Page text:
Zimbabweans Brave the Cold for a Chance at Identity

Many citizens struggle to obtain the plastic ID card that grants them access to basic services and rights

by Victor Adetimilehin

Zimbabwe is facing a severe shortage of plastic identity cards, leaving thousands of people in limbo. Without an ID, they cannot open bank accounts, register for exams, vote, or travel. Some have been waiting for months or even years to get their documents, while others have to travel long distances to the nearest registry office.


The plastic ID crisis has been ongoing for several months, with reports of registry offices running out of plastic cards and resorting to issuing waiting passes. The green waiting pass, a flimsy consolation, mocks the dream of a plastic ID. Banks won’t recognize it, jobs slip through its grasp and dreams wither under its pale sheen.


A Failed Contract


According to a report by Newsday Zimbabwe, the government signed a contract with Garsu Pasaulis, a Lithuanian company, in 2021 to supply plastic cards for the ID project. However, the contract has failed to alleviate the ID crisis, as the company has not delivered the cards on time or in sufficient quantities.


Registrar-General Henry Machiri denied that there was a shortage of consumables. He said that the problem was addressed well before the elections in 2023 when the government availed consumables and every registration office had them. He blamed the current situation on machine or network failures, which he said were inevitable.


He also confirmed that the Harare registry office was currently processing a limited number of IDs — up to 220 per day. He said that it would be unfair to make 500 people wait in queues when they know that they will not get them.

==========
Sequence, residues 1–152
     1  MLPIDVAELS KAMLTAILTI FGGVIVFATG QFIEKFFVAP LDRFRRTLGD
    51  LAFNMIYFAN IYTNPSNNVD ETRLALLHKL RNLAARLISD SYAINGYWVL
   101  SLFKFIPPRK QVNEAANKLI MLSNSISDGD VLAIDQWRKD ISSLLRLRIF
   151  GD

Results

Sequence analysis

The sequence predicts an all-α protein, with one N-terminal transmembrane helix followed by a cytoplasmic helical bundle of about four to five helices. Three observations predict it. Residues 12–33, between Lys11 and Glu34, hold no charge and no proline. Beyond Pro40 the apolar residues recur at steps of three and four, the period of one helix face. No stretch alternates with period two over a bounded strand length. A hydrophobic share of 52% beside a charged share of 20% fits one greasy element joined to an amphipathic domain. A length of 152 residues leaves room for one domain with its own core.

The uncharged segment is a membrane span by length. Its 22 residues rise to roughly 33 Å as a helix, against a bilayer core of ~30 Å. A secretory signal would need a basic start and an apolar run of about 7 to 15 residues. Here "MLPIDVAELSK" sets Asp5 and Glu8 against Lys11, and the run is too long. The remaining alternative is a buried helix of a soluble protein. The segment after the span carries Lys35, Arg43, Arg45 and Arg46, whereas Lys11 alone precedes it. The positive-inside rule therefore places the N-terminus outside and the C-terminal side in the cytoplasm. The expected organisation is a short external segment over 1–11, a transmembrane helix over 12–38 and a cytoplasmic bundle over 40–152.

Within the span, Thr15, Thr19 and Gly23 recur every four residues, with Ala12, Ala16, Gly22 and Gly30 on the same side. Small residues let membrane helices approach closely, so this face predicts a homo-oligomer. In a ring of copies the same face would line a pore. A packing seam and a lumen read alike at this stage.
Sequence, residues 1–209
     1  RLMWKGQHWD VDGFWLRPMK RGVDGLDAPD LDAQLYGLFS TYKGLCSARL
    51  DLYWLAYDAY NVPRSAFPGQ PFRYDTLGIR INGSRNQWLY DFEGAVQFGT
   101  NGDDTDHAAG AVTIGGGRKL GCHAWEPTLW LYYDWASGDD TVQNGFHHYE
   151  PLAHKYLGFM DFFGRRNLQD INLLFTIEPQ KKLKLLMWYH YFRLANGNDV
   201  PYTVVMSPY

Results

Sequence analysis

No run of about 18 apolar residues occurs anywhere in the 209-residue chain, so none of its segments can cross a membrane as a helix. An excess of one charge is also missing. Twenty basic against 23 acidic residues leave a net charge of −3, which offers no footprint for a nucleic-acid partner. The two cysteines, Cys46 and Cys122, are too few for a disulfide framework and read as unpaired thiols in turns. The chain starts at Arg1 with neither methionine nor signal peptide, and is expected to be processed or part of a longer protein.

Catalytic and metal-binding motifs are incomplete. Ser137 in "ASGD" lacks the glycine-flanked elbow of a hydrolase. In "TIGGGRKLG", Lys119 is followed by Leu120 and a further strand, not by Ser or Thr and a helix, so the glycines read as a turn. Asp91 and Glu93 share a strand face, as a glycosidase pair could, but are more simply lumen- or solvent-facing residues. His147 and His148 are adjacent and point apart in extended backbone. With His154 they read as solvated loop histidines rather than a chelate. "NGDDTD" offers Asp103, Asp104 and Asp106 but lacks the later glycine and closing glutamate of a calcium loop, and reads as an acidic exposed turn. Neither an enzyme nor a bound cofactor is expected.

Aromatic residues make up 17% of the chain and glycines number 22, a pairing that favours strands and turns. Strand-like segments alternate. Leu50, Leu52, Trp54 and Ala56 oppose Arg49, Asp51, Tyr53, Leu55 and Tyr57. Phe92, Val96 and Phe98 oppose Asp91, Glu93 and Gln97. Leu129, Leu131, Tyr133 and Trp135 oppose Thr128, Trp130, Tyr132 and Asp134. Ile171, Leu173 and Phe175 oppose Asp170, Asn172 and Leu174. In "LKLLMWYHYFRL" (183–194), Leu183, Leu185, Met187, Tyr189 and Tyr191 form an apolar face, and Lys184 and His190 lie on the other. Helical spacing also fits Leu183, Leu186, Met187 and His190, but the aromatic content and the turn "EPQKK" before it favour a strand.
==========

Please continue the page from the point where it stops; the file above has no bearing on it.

A Basic Right


Human rights activists have criticized the government for failing to provide IDs to its citizens, saying that it is a basic right that affects their dignity and ability to participate in society. They have called for urgent action to resolve the ID crisis and ensure that everyone has access to their documents.


Aaron Hamauswa, a human rights activist, said that access to ID was a basic right. He said that it was about their dignity, their ability to participate in society. 


A Daily Pilgrimage


Every morning, hundreds of people brave the cold and queue outside the Registrar-General’s office, hoping to get their plastic IDs. They come from different backgrounds and regions, but they share a common goal: to get a document that will grant them recognition and a place in their own land.


They all face the same challenges: long queues, slow service, rude staff, and frequent disappointments. They have to endure the harsh weather, the hunger, the frustration, and the uncertainty. They have to spend money on transport, food, and bribes. They have to sacrifice their time, their work, and their education.


But they also share a common spirit: a spirit of resilience, perseverance, and hope. They do not give up, they do not lose faith, they do not stop dreaming. They stand, they wait, they hope, their silent vigil a testament to a yearning for identity, for recognition, for a place in their own land.


Despite the bleak situation, there is a ray of hope for the ID seekers. The government has announced that it is working on a new system that will decentralize the ID issuance and make it faster and easier. The new system will use biometric technology and mobile registration units to reach remote areas and reduce the backlog.


The government has also said that it is in talks with Garsu Pasaulis to resolve the contract dispute and ensure the delivery of the plastic cards. It has assured the public that it is committed to addressing the ID crisis and improving the service delivery.

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